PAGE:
The project(s)

I came across an infra-red (IR) controlled stereo, and I wanted to make it remote-controlled from my PC. Although apparently, this is unnecessary, it is a potentially worthwhile project since IR is everywhere. Later that I wanted to control a robot vacuum cleaner from my PC; the things I learned from this project turned out to be quite useful. I actually chose a cheaper IR-controlled robot vacuum cleaner since I knew I could easily control it with IR from my PC (with the long-term goal in mind to implement also some visual SLAM). This is a short account of where I started and where this project took me. If you are curious about how simple ML can help reverse engineer IR signals using a cellphone camera, read on!

Recording and Analyzing the signal without an oscilloscope

First, I had to figure out how the IR remote works. This post was really helpful. Now that I knew what to look for in the flashing led, I could start thinking about how to record it. I could put together a simple amplifier circuit, but I didn’t have an IR receiver module laying around (after a long time, I bought some IR receivers and transmitters - this makes life much easier, but I liked the challenge of figuring out an alternative way to do that). So I took the fun/faster way out and thought of alternatives.

The transmitted signal

The bottom line is that there is a “command start” part with a long pulse burst of, say, 4 ms and then a series of bits, varying with the complexity of the device and the remote. So a “1” is a 0.6 milliseconds pulse followed by a 0.6ms off, and “0” is a 0.6ms burst in the carrier frequency followed by 0.6ms off (see also the picture in the following). The receiver circuits are surprisingly forgiving on timing, as I figured out later on (they can manage some miss-timings for the transmitted bits). Especially the carrier frequency was not a huge issue to reproduce precisely. The encoding protocol used is a simple Phase-Shift eying (PSK) protocol, also known as Manchester coding. Short note: why wouldn’t one encode more info on the amplitude of the signal, you may ask? Later excursions to radio signals using my software-defined radio dongle, and reverse engineering RC plane transmitters took me to the word of quadrature amplitude modulation (QAM) which is more-or-less what all high-throughput modern radio uses (plus some error correcting tricks).

Sensing with a cellphone camera:

Digital cameras are very sensitive to IR light, and some of them have pretty decent frame rates (at least that’s what I thought). So here is the deal: I record a video in slow motion and fast shutter to avoid blur with the cellphone. Then I pass the video to my PC and extract the flashing patterns to implement them in a micro-controller afterward.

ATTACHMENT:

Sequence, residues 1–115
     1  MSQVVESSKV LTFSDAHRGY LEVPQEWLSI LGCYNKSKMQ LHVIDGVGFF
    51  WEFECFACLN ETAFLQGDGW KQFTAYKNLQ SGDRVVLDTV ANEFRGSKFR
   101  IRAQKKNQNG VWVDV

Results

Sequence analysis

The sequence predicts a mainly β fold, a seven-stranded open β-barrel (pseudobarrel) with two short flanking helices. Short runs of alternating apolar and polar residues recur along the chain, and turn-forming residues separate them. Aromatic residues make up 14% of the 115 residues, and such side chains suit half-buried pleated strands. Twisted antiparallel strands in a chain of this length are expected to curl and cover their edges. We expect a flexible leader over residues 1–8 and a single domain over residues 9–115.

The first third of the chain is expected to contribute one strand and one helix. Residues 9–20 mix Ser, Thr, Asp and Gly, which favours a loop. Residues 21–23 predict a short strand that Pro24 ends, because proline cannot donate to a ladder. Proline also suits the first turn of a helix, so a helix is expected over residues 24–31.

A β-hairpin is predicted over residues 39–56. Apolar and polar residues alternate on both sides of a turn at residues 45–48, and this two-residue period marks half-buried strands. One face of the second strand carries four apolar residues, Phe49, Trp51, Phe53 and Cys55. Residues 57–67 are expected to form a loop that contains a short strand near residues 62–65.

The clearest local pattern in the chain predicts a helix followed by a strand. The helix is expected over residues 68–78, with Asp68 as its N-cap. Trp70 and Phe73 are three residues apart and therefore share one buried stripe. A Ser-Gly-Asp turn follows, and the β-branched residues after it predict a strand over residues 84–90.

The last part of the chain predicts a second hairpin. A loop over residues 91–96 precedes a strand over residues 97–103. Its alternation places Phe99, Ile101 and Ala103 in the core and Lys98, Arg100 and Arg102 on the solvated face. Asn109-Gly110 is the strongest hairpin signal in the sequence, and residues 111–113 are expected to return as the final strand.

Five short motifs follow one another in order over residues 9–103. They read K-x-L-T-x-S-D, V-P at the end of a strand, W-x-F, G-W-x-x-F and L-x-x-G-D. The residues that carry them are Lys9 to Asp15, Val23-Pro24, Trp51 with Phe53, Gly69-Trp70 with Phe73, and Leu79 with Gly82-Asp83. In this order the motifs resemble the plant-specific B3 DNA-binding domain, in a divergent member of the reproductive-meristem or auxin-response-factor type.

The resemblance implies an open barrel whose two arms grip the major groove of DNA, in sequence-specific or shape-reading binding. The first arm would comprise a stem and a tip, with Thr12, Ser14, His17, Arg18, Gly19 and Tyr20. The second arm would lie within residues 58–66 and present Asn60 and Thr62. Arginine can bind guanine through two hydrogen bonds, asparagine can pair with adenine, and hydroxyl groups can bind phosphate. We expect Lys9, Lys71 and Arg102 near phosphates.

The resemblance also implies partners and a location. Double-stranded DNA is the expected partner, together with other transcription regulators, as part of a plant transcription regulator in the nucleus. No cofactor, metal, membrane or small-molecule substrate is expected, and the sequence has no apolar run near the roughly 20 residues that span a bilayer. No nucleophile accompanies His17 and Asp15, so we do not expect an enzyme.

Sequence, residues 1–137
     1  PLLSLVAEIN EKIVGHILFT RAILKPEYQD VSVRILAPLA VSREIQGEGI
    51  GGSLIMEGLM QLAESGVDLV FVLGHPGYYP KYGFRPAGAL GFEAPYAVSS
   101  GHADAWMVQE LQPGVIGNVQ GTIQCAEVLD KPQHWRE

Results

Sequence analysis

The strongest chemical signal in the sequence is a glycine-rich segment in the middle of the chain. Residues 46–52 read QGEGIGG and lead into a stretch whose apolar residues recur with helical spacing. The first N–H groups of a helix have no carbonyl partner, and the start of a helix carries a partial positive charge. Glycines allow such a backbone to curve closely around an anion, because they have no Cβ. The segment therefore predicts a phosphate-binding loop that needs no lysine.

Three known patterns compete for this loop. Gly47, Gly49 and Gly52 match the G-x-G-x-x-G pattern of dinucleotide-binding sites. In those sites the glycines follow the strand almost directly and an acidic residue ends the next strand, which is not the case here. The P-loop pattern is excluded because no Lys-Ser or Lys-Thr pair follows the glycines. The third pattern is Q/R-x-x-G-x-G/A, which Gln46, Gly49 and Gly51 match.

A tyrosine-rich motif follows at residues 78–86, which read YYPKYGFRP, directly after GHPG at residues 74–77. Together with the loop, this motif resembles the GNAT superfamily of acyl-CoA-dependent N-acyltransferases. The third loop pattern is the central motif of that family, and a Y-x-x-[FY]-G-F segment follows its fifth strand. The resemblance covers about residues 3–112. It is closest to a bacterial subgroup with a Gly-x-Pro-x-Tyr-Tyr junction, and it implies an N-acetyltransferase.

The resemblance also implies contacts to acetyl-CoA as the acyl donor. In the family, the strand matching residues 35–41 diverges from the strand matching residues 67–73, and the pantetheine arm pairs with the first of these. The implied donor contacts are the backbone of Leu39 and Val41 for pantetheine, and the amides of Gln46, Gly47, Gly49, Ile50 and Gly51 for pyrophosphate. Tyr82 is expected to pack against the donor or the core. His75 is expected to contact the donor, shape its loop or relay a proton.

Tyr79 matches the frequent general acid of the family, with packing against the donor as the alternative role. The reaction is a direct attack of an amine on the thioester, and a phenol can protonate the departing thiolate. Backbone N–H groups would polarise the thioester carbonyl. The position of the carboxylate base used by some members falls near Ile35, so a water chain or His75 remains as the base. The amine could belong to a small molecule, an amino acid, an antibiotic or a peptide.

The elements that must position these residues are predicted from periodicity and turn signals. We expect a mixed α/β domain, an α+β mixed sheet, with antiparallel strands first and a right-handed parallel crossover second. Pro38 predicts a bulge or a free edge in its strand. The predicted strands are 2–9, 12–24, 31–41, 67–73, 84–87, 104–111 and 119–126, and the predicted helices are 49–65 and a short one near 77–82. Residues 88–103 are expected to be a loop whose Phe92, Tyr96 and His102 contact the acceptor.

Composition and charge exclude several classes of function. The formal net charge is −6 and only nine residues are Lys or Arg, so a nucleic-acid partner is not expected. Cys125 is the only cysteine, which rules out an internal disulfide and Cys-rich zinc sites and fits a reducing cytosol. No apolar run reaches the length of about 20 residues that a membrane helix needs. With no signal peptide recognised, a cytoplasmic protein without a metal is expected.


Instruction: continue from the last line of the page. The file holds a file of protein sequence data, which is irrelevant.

Short side-note/update on camera-based approach:

Actually, after writing this post, I realized that if I set the shutter speed very high on my Samsung S7 phone, I can see the binary code pop out! Here is a picture from the sony remote I managed to get signals such as the following one

sony remote

And a video showing the patterns from an Optoma remote (the protocol is different and the pattern containing all the data unfortunately non-repeating):

I later discovered while reverse engineering a robot vacuum cleaner’s remote that the non-repeating patterns were due to toggling between the on and off signal (I detail a way to automatically deal with gappy non-repeating signals later in the post). Luckily, the borders of the patterns are pretty crisp.

Why this works is much more interesting, considering that the framerate of the camera is much slower than required to capture the signal. It has to do with the fact that the scanning of the sensor is, in reality, much faster than the “framerate” of the videos. There are two large families of sensors: CCD and CMOS - Samsung S7 supposedly has a CMOS which means that every pixel value is amplified on the spot and then serially sent for storage etc. As described in this very nice video, some rolling artifacts should have been there. What we observe looks like there is a shift register serving the large dimension of the screen, as if the sensor was a CCD sensor. What I think is happening is that the do have a shift register somewhere dealing with the large dimension to deal better with rolling artifacts or for convenient upstream processing. Or they do some upstream processing to deal with rolling artifacts. In any case, finding binary codes from cellphone may work.

Update (2):

When I started working on the vacuum cleaner project, I still haven’t bought the IR receivers yet. I gave the high-speed IR sensing idea another try. I wanted to do some simple thresholding for the purple light of IR that is sensed from the camera. The idea was to record a video with multiple pressings of the button, align the incomplete signals, and then threshold to get the actual raw IR signal. This worked sort of ok, but with some small additional caveats, I detail below. Firstly, the LED light does not reach the whole screen with the same intensity. In the following, a plot of the mean pixel intensity is shown.


I normalized and thresholded with different intensities according to the pixel position - this left me with a clean binary signal that contained some gaps. I then continued tackling the missing frames issue. I needed a way to align the signals somehow. I was hoping it should be possible to fill in the blanks by summing/averaging. With some simple python code, I aligned the incomplete frames according to the preamble. Alignment was quite easy since the missing frames had the same length and the preamble “on” part was quite large and easy to detect.